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  #1  
Old 10-08-2012, 02:58 PM
n5lp's Avatar
n5lp n5lp is offline
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Join Date: Apr 2006
Location: Carlsbad, NM
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Default Stratus and External Antenna

I was a very early adopter of XM satellite weather. What a heady time that was. Near real time weather, including doppler radar, right there in my little homemade airplane. It was a good run.

Recently I became extremely motivated to eliminate all my Sirius XM subscriptions, and new technology has made that very feasible. I have 10s of thousand of songs on my phone that I like, and that are easy to play in the cars. Ok, well what about the airplane weather.

Normally my desolate area is the last to get any new technology, but that isn't so with ADS-B, we are well covered now.

After a bit of study I decided that the the Stratus ADS-B weather receiver would work well for me as I have already adopted iPad charts using ForeFlight and since I always carry the cell phone, that makes a good backup.

Anybody who has researched the Stratus receiver knows that there is an overheating issue and because of my climate I knew that would be a problem for me so I ordered the external antenna from the git go.

I made a couple of flights with the Stratus today, first without the external antenna I moved the receiver around the cockpit to get a feel for the reception. It worked quite well sitting on the glare shield, but I knew that wouldn't work long term.

Next I connected the external antenna and moved it around. Placement made a a big difference. It didn't work well in any horizontal orientation and didn't work at all when placed next to my GPS puck antenna. What I decided on was a location behind the left seat next to the side skin and rear canopy. This was a good spot and was also convenient because I had already made a little bracket for mounting the XM antenna there. Conveniently, the XM antenna has just been retired. From here the cable runs easily under the arm rest to the receiver and nothing has to flex or move with canopy opening and closing.



As can be seen, it is a quick and dirty mounting system using a cable tie over the supplied mounting suction cup. That quick and dirty system will probably still be in use 15 years from now. It appears that the antenna would be too shaded by the side skins, but it doesn't seem to be an issue.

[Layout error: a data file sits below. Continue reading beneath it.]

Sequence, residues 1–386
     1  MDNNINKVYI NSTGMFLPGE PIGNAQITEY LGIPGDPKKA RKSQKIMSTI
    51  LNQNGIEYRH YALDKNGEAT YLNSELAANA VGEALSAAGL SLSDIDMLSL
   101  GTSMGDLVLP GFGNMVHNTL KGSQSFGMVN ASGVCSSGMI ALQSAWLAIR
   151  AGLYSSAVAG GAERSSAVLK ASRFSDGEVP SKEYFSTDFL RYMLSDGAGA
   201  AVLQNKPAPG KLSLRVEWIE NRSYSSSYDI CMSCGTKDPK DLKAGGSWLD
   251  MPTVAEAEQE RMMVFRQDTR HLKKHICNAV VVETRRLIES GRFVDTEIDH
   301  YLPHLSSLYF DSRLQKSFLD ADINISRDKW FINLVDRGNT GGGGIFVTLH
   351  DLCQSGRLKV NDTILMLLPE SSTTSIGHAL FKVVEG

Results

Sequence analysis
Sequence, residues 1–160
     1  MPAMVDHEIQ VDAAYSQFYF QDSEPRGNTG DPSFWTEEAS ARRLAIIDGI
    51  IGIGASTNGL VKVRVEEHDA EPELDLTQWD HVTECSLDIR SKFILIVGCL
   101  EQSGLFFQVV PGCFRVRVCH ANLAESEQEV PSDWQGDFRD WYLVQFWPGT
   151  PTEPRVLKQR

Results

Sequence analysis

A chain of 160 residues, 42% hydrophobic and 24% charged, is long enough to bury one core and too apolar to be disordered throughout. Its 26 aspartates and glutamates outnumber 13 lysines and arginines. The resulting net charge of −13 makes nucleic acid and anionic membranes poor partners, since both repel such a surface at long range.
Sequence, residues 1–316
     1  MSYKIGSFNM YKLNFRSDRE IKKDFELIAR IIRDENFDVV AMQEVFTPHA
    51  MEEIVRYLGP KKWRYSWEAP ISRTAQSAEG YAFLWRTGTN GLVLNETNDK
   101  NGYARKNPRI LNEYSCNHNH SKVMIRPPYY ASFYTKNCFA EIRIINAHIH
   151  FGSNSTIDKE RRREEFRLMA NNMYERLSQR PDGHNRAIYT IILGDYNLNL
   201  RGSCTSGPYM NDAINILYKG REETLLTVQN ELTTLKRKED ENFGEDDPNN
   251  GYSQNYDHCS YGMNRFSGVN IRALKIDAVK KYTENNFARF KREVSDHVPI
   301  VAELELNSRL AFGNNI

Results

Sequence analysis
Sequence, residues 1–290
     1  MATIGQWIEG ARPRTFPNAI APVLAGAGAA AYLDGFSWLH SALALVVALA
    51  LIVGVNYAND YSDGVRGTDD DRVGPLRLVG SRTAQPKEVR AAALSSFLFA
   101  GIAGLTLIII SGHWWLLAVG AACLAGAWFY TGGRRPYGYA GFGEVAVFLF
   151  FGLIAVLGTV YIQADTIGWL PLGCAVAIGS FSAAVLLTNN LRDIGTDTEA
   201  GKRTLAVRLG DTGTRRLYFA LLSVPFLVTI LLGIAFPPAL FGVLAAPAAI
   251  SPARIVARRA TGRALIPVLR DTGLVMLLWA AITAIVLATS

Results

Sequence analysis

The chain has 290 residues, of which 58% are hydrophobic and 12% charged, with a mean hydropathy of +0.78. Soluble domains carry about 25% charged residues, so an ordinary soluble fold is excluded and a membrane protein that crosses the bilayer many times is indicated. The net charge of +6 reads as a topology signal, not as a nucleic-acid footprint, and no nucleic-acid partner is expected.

The receiver is mounted with velcro, on edge, on the forward end of the arm rest. That is a well shaded spot and it is convenient to reach the on/off switch and see the indicator light.

I made another flight with the equipment mounted as indicated. I received the first station at about 200 AGL after takeoff. This station is in Artesia about 37 statute miles north (toward the tail of the airplane on the departure) over pretty flat terrain. At about 5,000 AGL I was receiving six stations, five of them very strongly.


At that altitude I was receiving no stations to the west (the direction of the mountains), not that that matters. I'm sure if I fly over that way I will soon receive different stations.


There is a slight hassle factor having to take the Stratus receiver home and keep it charged, but I need to do that anyway with the iPad. There are no products unique to XM that I will miss. Some people think that XM shows real time winds aloft, but it does not. The doppler weather is not animated but does have movement prediction tracks. In theory the TFR information on XM is one of the best features. In practice I have found it to be pretty useless because of unreliability. At least five times in the last couple of years I have had incidents such as the TFR depicted in the wrong place and/or the wrong size and the TFR showing as current long after it has been cancelled. I don't know if this will be better with ADS-B or not; I sure hope so.

I think this is the start of a beautiful friendship and ..... no more monthly fees.
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RV-6 N441LP Flying

Last edited by n5lp : 10-08-2012 at 03:11 PM.
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  #2  
Old 10-08-2012, 03:15 PM
bkthomps bkthomps is offline
 
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can you post more info on the antenna itself, where you got it, details, etc
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  #3  
Old 10-08-2012, 03:21 PM
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Quote:
Originally Posted by bkthomps View Post
can you post more info on the antenna itself, where you got it, details, etc
Stratus is available only from Sporty's and the external antenna is a pricey option from that order page.
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  #4  
Old 10-09-2012, 08:46 AM
stanbrv stanbrv is offline
 
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Where did you find the map of ADS-B antenna locations?

Stan Blanton
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  #5  
Old 10-09-2012, 09:28 AM
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Quote: